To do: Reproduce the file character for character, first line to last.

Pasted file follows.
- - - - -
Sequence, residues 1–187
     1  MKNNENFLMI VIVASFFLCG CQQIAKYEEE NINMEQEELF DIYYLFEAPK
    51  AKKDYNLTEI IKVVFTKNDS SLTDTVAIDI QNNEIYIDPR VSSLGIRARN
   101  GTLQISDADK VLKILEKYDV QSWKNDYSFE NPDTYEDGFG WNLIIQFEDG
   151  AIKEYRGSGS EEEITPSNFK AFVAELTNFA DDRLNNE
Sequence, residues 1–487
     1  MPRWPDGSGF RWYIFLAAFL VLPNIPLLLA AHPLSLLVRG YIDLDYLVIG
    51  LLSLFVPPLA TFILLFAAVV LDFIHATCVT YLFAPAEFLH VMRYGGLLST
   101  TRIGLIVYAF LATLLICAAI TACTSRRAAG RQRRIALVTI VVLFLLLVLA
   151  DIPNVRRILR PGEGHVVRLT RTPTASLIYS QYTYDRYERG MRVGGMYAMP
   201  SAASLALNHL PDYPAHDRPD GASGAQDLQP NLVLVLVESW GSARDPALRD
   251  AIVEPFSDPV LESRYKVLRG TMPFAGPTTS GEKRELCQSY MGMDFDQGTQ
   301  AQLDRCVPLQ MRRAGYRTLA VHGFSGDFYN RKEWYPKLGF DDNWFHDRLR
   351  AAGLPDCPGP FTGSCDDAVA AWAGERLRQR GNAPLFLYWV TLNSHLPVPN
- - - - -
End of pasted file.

Sequence, residues 1–187
     1  MKNNENFLMI VIVASFFLCG CQQIAKYEEE NINMEQEELF DIYYLFEAPK
    51  AKKDYNLTEI IKVVFTKNDS SLTDTVAIDI QNNEIYIDPR VSSLGIRARN
   101  GTLQISDADK VLKILEKYDV QSWKNDYSFE NPDTYEDGFG WNLIIQFEDG
   151  AIKEYRGSGS EEEITPSNFK AFVAELTNFA DDRLNNE
Sequence, residues 1–487
     1  MPRWPDGSGF RWYIFLAAFL VLPNIPLLLA AHPLSLLVRG YIDLDYLVIG
    51  LLSLFVPPLA TFILLFAAVV LDFIHATCVT YLFAPAEFLH VMRYGGLLST
   101  TRIGLIVYAF LATLLICAAI TACTSRRAAG RQRRIALVTI VVLFLLLVLA
   151  DIPNVRRILR PGEGHVVRLT RTPTASLIYS QYTYDRYERG MRVGGMYAMP
   201  SAASLALNHL PDYPAHDRPD GASGAQDLQP NLVLVLVESW GSARDPALRD
   251  AIVEPFSDPV LESRYKVLRG TMPFAGPTTS GEKRELCQSY MGMDFDQGTQ
   301  AQLDRCVPLQ MRRAGYRTLA VHGFSGDFYN RKEWYPKLGF DDNWFHDRLR
   351  AAGLPDCPGP FTGSCDDAVA AWAGERLRQR GNAPLFLYWV TLNSHLPVPN